Enamel Hypoplasia/Hypocalcification in Cats
When tooth enamel -- the outer coating of the tooth -- is allowed to develop normally it has a smooth and white appearance. Abnormal environmental or physical conditions can interfere with the development of tooth enamel, causing it to take on a discolored, pitted or otherwise unusual appearance.
Bodily influences, like a fever over an extended period of time, may cause pitting and discolored enamel surfaces. Local influences, like injury (even from baby tooth extraction) over a short period of time can cause specific patterns or bands to appear on the developing teeth. These types of traumas can result in less than normal deposits of enamel, medically termed hypocalcification. The lack of sufficient enamel may cause the teeth to be more sensitive, with exposed dentin (which is normally hidden underneath the enamel), and occasionally fractures of severely compromised teeth. The teeth usually remain fully functional.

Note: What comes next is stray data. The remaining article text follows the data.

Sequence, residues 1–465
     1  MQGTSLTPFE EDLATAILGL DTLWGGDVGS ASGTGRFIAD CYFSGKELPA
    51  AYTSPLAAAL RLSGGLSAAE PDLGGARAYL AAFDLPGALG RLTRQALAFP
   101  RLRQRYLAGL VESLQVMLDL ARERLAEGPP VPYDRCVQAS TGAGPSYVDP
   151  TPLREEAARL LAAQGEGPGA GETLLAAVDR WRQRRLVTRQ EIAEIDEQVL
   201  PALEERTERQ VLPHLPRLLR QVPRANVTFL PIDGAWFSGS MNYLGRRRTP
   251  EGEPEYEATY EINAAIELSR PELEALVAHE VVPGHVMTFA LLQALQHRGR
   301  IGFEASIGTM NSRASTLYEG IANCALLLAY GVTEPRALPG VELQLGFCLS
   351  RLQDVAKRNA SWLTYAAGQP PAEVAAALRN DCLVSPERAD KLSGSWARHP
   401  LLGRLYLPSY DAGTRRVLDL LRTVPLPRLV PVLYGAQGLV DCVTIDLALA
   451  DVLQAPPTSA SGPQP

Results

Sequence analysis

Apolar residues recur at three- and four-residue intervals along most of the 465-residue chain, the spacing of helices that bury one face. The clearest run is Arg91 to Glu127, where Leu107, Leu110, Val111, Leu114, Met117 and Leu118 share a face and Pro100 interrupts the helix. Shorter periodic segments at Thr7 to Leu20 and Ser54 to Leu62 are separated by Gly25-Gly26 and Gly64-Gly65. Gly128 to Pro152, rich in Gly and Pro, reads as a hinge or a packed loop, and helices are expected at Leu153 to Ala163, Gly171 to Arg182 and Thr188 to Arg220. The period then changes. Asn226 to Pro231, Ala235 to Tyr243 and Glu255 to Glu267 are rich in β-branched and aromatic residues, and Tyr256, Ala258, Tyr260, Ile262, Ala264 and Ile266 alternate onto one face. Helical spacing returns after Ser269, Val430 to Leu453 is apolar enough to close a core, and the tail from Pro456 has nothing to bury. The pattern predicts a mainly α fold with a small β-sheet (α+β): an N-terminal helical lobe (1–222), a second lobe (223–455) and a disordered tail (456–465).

Symptoms and Types
- Irregular, pitted enamel tooth surface with discoloration of diseased enamel and potential exposure of underlying dentin (light brown appearance)
- Early or rapid accumulation of plaque and calculus on roughened tooth surface
- Possible gingivitis and/or accelerated periodontal/gum disease
- Injury during enamel formation on the teeth
- Fever, trauma (e.g., accidents, excessive force used during deciduous/baby tooth extraction)
Discolored teeth may be found by your veterinarian during a routine physical exam, which normally includes a complete oral exam. Intraoral radiographs (X-rays) can then be taken by your veterinarian to determine if the roots of the teeth are still alive.
A low level of calcium in the blood
A medical condition in which the gums become inflamed
The white substance over the crown of teeth
The tissue that holds the tooth in place in the mouth